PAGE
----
Award winning creator/writer of Downton Abbey presents his latest endeavor, Julian Fellowes’ Belgravia, a new book blending the Victorian-era serialized novel with modern technology.
Julian Fellowes’ Belgravia will be featured in a progressive blog tour April 14-June 16, 2016. Similar to a “progressive dinner party,” where a group of friends each make one course of a meal that moves from house to house with each course, a “progressive blog tour” is the same concept applied to the Internet. Eleven historical fiction bloggers and authors are participating, each taking one episode of the novel and offering a recap and review for that week. As a participant, you will follow the tour and join in the read-along and conversation. A fabulous giveaway contest, including three (3) hardcover copies of Julian Fellowes’ Belgravia will be open to those who join the festivities.
Julian Fellowes’ Belgravia is the story of a secret. A secret that unravels behind the porticoed doors of London’s grandest postcode. Set in the 1840s when the upper echelons of society began to rub shoulders with the emerging industrial nouveau riche, Belgravia is people by a rich cast of characters. But the story begins on the eve of the Battle of Waterloo in 1815. At the Duchess of Richmond’s new legendary ball, one family’s life will change forever.
In the previous episode, we were introduced to the main players on the eve of the Battle of Waterloo: the Trenchard family–James, Anne, and their beautiful daughter Sophia–; and the family of Lord Bellasis, (fictional) nephew of the Duchess of Richmond. The duchess’s now-infamous ball, which was interrupted by the battle, is the setting of the high drama that sets off calamitous events that will tie the families together forever.
The tensions of class in the early years of Victoria’s reign tauten the events of episode two, where the Trenchards–now relatively wealthy after twenty-five years of James “The Magician” Trenchard’s nimble climb up the financial ladder–continue to hover on the fringes of High Society. We see the changes in England since Waterloo through Anne Trenchard’s eyes: the establishment of new aristocratic enclaves such as Belgravia; the invention of “afternoon tea”; the growing splendor of the aristocracy; and the hardening of etiquette rules:
“…the journey from Eaton Place to Belgrave Square was not worth taking out a carriage for and if she’d had her way, she would have walked. Of course in such matters, she did not have her way. Ever.”
Julian Fellowes’s light touch with social mores is evident in the opening scene of this episode, where he conveys the absurdities and anxieties of early Victorians about afternoon tea:
Anne saw an empty chair at the edge of the gathering and made for it, passing an old lady who started to lunge for a sandwich plate which was sliding away from her down her voluminous skirts when Anne caught it.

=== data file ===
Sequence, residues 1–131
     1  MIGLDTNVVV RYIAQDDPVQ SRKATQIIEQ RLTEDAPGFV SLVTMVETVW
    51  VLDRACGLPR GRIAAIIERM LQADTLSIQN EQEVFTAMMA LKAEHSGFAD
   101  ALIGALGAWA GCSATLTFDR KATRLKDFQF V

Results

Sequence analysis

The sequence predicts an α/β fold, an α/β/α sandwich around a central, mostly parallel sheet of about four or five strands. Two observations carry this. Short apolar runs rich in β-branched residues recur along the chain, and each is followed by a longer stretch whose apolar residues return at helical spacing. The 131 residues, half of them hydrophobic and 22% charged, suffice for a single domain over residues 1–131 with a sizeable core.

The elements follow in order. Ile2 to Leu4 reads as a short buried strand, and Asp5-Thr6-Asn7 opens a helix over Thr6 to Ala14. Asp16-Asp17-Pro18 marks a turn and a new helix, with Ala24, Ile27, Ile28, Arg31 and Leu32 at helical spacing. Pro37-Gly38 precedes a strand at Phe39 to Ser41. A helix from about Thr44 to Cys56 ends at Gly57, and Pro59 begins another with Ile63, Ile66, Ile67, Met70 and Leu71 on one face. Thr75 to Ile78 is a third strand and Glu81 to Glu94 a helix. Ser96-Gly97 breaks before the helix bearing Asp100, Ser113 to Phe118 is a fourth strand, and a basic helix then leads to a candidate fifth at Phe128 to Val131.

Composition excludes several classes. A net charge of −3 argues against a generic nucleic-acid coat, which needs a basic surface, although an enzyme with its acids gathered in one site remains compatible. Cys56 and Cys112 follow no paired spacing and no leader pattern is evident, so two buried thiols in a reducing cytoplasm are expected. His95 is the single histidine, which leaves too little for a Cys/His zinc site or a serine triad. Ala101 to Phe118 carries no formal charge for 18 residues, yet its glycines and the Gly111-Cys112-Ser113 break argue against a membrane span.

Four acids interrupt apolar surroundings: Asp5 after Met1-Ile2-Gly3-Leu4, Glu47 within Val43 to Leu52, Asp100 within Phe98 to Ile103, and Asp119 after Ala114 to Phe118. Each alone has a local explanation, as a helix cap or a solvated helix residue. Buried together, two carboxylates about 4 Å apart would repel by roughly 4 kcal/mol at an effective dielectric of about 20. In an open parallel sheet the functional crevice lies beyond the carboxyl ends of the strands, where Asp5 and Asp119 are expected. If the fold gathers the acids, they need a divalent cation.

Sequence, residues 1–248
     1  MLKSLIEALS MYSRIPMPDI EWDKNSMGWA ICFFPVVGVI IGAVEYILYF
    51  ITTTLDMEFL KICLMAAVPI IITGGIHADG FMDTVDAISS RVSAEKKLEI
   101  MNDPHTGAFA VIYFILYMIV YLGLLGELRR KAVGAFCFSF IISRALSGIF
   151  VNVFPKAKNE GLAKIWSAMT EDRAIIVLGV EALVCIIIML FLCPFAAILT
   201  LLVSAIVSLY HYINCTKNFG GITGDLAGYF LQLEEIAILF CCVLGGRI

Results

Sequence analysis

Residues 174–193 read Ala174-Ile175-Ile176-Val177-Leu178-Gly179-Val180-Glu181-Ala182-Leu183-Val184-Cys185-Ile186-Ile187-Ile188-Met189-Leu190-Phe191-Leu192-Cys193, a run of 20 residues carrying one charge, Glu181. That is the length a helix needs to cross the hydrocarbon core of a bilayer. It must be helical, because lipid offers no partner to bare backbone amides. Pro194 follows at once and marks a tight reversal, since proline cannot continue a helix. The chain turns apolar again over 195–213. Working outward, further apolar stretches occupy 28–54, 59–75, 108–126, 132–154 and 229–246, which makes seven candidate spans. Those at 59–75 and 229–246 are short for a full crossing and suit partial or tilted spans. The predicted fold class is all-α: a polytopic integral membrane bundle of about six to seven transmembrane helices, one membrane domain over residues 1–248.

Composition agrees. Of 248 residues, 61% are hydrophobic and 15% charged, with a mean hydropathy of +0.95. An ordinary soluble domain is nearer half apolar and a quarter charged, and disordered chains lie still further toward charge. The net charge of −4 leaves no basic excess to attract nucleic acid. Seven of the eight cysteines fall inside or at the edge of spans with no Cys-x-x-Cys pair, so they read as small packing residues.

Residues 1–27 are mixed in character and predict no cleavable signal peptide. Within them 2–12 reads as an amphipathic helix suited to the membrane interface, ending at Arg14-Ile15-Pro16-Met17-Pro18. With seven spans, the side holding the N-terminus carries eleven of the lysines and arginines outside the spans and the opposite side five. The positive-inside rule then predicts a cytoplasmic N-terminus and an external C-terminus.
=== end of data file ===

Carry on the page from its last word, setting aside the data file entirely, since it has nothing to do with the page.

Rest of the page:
The stranger beamed. “Well saved.” She took a bite. “It is not that I dislike a light nuncheon of cakes and tea to carry one through to dinner, but why can’t we sit at a table?”
The hostess (and inventor) of the tea, the Duchess of Bedford, has only invited Anne under obligation from her family’s business dealings with James Trenchard, but she is summarily hoisted on her own petard when the old lady with the runaway plate turns out to be the Dowager Duchess of Richmond. Yes, that duchess. She remembers Anne’s attendance at her infamous ball, and if Belgravia were a television show, the Duchess of Bedford’s face would look like a gasping trout!
The reminisces of the duchess and Anne are quite visceral. I’ve read many novels and watched many period dramas either set during Waterloo or around the battle; however, reading the perspective of characters looking back is a stark reminder that it was not this heroic, valorous, and slightly glamorous event in history: much blood was shed and though time moved on, the survivors still lived with their losses.
This poignant memory binds Anne and the duchess–and her sister, the Countess of Brockenhurst, the mother of the late Lord Bellasis. It seems amazing that Lady Brockenhurst could hold onto bitterness over her son’s death and his relationship with Sophia after nearly thirty years, but she has. Snobbery, it seems, has been the only thing she’s clung to in her grief, and she loosens it on Anne.
“Please forgive my curiosity, but I have always heard tell of you both as the Duke of Wellington’s victualler and his wife. Seeing you here, I wondered if I was misinformed and your circumstance was rather different from the version I had been given.”
Anne dishes it back at her, unperturbed by the countess’s baiting, and then lobs a bombshell: Sophia Trenchard, the beautiful “nobody” the countess spent the past twenty-five years fuming about, was dead. She died not very long after Lord Bellasis was killed at Waterloo.